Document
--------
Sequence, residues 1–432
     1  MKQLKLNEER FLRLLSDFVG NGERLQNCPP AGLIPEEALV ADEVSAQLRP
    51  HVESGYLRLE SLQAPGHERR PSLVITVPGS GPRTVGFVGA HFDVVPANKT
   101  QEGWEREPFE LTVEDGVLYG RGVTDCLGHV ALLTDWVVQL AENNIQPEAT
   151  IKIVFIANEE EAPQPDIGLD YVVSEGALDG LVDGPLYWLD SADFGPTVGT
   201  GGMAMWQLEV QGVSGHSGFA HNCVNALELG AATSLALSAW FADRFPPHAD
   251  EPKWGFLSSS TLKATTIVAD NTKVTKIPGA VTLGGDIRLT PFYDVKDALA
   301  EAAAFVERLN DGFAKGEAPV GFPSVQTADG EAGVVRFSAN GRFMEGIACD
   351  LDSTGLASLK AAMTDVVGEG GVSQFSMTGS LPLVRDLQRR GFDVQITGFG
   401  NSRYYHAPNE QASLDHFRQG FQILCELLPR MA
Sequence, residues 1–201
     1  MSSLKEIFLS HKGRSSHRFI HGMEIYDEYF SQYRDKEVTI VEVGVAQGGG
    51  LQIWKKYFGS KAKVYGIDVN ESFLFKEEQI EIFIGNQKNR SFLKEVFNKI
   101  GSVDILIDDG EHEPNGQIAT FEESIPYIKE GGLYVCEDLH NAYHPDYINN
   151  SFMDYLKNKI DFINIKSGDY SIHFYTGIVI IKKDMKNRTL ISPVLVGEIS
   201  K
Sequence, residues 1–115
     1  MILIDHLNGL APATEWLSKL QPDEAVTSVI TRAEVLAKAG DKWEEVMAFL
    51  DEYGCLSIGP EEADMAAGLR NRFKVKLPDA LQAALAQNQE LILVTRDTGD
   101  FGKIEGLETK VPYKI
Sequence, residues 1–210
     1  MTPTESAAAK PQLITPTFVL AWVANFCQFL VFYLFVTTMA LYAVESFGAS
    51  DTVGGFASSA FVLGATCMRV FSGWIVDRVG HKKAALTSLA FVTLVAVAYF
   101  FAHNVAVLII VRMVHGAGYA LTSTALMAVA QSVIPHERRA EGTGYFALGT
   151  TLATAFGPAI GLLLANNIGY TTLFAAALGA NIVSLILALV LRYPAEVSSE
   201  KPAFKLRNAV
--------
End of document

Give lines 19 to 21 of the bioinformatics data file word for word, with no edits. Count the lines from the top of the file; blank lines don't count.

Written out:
    51  DEYGCLSIGP EEADMAAGLR NRFKVKLPDA LQAALAQNQE LILVTRDTGD
   101  FGKIEGLETK VPYKI
Sequence, residues 1–210